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HPV, Relationships, Pregnancy and Sex

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tsunamichick89 asks:

Since I was 19 I've had an annual PAP smear done. Never, until this year, has it been abnormal. I went in January of 2011 and then held off because since then I have had an IUD put in, Gardasil, and lost my health insurance. Once I had saved up enough to get my pap test this year it was May. About a week later my doctor called to make an appointment to discuss results. I made another appointment and went in and needed a colposcopy. Another week later she called again. And then I knew then something wasn't right, I've never had a doctor call me about results.

Jenna replies:

tsunamichick's question continued:

Then a week later my doctor called me to have me come in that day and I couldn't wait 4 more days to discuss it. She told me that I had high risk HPV and she suggested a cone biopsy or LEEP procedure. I then went to see the specialist who said I had some stage 3 dysplasia. Then last week I had the LEEP procedure done since I didn't want to risk cancer by waiting. I am glad to have it over with, but I'm left confused and with some questions.

I am under the assumption that by now my husband has it as well and that there is no tests to affirm or deny this. Is it possible to get re-infected after being cleared of HPV? How common is miscarriage after this kind of procedure? How can I approach sex in a positive way without worrying about the HPV the whole time?

You are asking some great and important questions regarding the effect of HPV on your relationship and ability to have children.

Being diagnosed with HPV or any other sexually transmitted infection (STI) can be difficult to deal with for many people, especially being in a relationship. It is definitely possible to move forward and have an enjoyable, worry-free sex life with your husband post-HPV diagnosis and treatment. Because HPV can be confusing for some, let's start with some of the basics.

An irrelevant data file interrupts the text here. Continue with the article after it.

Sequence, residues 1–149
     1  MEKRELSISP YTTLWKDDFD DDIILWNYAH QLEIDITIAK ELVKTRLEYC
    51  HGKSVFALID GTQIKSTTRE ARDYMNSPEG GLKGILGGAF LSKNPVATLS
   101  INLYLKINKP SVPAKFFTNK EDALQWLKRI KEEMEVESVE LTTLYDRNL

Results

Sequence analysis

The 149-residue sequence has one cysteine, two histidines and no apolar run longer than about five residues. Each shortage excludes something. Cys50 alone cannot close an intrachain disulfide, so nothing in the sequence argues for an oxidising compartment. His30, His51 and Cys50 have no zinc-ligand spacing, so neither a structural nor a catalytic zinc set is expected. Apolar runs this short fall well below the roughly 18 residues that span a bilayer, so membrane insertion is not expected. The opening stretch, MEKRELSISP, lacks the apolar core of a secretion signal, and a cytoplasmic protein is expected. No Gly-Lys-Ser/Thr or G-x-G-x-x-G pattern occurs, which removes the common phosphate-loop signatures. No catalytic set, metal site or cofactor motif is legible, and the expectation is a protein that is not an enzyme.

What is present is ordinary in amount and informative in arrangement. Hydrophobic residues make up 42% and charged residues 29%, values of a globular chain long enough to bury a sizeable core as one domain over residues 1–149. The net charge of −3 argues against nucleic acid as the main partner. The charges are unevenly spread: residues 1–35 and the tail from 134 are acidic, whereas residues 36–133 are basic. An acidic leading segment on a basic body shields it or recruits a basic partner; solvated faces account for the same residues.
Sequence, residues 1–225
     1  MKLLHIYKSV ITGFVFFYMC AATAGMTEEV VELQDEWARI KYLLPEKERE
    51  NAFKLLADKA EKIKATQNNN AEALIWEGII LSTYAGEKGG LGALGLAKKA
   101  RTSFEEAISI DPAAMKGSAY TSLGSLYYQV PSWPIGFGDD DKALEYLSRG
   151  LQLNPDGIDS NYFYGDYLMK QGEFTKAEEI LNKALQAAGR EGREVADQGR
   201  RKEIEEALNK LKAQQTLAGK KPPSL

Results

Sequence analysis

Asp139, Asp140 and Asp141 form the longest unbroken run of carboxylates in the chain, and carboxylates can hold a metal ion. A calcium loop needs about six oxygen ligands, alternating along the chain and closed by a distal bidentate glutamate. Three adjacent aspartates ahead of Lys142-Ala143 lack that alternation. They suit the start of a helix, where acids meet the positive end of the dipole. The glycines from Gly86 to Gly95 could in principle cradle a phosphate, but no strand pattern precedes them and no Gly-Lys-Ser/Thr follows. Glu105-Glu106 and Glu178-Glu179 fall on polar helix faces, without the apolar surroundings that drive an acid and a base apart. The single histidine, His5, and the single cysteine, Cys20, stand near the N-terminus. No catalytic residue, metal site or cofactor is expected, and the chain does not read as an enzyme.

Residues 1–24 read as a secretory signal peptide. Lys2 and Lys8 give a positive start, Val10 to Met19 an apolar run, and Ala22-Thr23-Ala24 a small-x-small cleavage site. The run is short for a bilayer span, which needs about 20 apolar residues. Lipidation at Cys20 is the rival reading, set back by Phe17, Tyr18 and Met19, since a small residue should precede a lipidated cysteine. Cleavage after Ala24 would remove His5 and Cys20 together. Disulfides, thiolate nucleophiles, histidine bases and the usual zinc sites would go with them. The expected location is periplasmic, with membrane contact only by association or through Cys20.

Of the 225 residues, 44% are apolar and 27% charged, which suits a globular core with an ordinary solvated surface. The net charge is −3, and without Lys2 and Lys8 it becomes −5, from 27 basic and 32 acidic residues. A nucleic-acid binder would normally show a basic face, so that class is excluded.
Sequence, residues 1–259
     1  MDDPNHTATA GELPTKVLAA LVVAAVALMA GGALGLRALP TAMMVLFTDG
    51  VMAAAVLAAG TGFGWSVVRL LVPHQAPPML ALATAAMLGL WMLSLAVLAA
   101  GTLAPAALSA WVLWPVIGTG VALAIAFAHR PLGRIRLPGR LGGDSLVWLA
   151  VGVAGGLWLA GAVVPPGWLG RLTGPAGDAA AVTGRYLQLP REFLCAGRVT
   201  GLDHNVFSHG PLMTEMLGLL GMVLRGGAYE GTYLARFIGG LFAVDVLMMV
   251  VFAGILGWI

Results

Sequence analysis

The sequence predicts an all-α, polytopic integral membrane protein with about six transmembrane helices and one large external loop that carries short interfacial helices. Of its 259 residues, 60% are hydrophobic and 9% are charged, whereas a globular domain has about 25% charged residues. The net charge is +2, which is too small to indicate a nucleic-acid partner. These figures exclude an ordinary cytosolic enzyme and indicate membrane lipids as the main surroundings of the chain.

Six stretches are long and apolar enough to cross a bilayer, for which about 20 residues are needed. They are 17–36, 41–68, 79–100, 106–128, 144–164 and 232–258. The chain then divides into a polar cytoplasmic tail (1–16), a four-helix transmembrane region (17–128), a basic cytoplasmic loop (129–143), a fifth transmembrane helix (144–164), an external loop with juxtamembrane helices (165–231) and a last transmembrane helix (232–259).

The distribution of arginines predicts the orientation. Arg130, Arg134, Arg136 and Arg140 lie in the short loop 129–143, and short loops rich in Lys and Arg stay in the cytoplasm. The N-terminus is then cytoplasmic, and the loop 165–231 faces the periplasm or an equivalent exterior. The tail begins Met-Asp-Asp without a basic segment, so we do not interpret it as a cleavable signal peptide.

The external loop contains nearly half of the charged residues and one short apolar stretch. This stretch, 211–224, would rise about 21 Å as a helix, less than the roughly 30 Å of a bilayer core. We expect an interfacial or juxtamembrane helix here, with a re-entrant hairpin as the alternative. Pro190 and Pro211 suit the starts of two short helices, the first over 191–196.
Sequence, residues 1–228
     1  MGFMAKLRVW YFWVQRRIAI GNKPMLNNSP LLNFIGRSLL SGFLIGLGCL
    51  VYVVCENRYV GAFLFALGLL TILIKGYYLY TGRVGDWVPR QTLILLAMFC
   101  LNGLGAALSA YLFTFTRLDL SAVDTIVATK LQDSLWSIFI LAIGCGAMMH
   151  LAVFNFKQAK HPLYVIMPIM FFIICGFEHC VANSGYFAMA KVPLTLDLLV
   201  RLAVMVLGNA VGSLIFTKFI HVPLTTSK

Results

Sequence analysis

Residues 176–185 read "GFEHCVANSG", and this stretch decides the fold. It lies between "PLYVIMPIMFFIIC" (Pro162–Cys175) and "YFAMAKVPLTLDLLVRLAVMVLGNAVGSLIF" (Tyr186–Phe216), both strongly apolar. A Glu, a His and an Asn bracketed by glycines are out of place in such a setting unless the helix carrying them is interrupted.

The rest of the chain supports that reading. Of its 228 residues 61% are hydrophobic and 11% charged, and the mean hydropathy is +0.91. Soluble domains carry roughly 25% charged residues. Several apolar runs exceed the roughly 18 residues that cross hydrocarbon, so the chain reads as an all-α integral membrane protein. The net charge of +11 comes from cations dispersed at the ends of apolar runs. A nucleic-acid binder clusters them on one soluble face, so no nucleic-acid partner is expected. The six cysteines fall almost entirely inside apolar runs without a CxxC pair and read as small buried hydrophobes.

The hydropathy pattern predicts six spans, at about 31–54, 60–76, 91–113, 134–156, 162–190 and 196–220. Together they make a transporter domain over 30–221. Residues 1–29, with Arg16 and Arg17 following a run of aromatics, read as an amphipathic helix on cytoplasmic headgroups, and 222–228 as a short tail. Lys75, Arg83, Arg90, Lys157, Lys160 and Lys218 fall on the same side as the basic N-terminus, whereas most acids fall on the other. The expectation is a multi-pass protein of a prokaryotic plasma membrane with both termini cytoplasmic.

HPV is an extremely common sexually transmitted virus that has many different strains. The virus can cause abnormal cell growth, which either manifests itself as genital warts (low-risk) or as abnormal cervical cell growth (high-risk), which is what is detected during a pap test. HPV is incredibly common - it is estimated that 75% of all sexually active people have had or will get HPV in their lives. Some folks even refer to HPV and herpes as the "common cold" of STIs.

The way that our bodies interact with HPV is really interesting. For many young women, specifically, with HPV, the body naturally clears itself of the virus -- sheds the virus -- on its own. Because of this reason, it is now recommended that young women with normal pap results get their pap test every three years until the age of 30, rather than every year. However, your doctor/health provider will let you know if you need to be examined annually since you have had an abnormal test in the past.

HPV Testing